Hollywood Prefers Their Female Characters to Shut Up and Take Off Their Clothes

Tim Grierson
The Projector
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It's such a long-held movie truism that it risks losing its impact on us: Women are woefully underrepresented both in front of and behind the camera. You know it, we know it, but is it getting any better? A new study from USC's Annenberg School for Communication & Journalism is here to say, "Not really at all." But while their findings might be depressingly predictable, there are a few interesting developments in this survey that suggest that maybe -- like, say, in 25 years -- things might get a little more balanced between the genders.

The Annenberg School took a look at 2009's 100 top-grossing films and compared them to the top 100 of 2008. And they deduced that "32.8% of the 4,342 speaking characters were female and 67.2% were male, a percentage identical to that of the top-grossing movies of 2008." In other words, for every two male characters, you've got one woman talking -- actually, a little more than two guys and a little less than one gal.

We have to say that doesn't shock us. For all the romantic comedies out there in the world, they're easily outnumbered by action movies that are intensely male-centric. (We're assuming that for 2009's "Transformers: Revenge of the Fallen," the Annenberg School didn't mistakenly catalog the Transformer voice actors as "robots.") But another item in the study was a little more upsetting:

The USC study determined that women were still far more likely than men to wear sexy clothing in movies, such as swimwear and unbuttoned shirts (25.8% versus 4.7%), to expose skin (23% versus 7.4%) and to be described by another character as attractive (10.9% versus 2.5%).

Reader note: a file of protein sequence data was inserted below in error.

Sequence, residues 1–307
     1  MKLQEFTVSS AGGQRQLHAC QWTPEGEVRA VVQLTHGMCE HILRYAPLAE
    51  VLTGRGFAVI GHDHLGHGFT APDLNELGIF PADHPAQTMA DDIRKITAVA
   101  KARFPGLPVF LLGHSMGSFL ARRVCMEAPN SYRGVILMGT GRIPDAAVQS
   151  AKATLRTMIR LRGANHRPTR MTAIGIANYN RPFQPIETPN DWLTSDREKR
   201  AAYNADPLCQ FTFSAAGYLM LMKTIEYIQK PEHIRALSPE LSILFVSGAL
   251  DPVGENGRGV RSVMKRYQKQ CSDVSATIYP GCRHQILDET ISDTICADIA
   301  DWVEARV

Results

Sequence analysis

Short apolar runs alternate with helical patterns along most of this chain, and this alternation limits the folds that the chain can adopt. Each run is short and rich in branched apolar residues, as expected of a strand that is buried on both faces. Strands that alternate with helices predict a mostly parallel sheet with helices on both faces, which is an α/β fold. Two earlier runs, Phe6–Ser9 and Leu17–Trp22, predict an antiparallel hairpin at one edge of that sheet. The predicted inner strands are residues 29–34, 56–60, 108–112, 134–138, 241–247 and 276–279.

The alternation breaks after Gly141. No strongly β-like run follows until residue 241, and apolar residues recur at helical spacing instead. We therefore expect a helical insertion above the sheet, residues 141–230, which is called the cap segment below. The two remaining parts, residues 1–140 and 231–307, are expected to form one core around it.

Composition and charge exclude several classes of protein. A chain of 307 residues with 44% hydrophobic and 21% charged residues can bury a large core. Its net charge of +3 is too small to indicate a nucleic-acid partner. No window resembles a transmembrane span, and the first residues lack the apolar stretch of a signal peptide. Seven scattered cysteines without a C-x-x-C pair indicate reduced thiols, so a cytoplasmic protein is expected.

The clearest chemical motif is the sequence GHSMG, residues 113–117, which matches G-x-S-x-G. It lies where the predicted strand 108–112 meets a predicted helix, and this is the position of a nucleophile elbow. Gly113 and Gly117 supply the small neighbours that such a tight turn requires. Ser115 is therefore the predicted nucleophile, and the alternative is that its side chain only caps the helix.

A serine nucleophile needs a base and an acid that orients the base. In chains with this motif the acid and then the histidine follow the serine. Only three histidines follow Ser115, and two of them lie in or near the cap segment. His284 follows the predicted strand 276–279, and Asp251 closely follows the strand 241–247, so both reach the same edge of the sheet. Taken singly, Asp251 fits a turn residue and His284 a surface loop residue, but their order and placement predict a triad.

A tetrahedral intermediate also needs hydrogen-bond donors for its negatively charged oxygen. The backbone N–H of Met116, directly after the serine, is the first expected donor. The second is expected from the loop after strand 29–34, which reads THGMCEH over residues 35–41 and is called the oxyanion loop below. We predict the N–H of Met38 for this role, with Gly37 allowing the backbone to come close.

This factoid made us think back to "Just Go With It," which seemed to exist almost entirely so that Brooklyn Decker and Jennifer Aniston could get into bikinis for Adam Sandler's benefit. Just thinking about that movie sends us into a downward spiral of depression.

Is there any hope to correct this gender imbalance? Sure, but it'll take a while to happen. The Annenberg School determined that when movies were directed by women, almost half the characters in the film were women. The only problem? Less than four percent of 2009's top 100 movies were directed by women. So, yes, one feeds into another -- although it is somewhat encouraging that the study also revealed that women buy more movie tickets than men do, which means they have a greater voice than they realize in what movies studios make. That might end up being the one and only place where women actually have some control in Hollywood.

Gender inequality still has a starring role in Hollywood, USC study finds [Los Angeles Times]